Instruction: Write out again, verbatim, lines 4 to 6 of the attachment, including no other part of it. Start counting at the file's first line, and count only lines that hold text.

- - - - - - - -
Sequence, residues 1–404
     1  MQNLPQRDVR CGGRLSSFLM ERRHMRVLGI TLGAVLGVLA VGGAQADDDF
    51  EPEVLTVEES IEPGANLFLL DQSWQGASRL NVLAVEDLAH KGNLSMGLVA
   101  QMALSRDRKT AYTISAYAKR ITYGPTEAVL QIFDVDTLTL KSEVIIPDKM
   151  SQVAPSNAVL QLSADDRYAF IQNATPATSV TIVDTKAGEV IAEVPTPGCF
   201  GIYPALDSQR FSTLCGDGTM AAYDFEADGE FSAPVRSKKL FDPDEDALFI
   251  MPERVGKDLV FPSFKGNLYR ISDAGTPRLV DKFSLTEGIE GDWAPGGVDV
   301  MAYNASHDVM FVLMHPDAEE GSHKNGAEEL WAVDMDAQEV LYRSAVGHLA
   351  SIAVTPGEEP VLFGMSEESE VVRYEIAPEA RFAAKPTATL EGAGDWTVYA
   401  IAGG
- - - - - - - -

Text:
   101  QMALSRDRKT AYTISAYAKR ITYGPTEAVL QIFDVDTLTL KSEVIIPDKM
   151  SQVAPSNAVL QLSADDRYAF IQNATPATSV TIVDTKAGEV IAEVPTPGCF
   201  GIYPALDSQR FSTLCGDGTM AAYDFEADGE FSAPVRSKKL FDPDEDALFI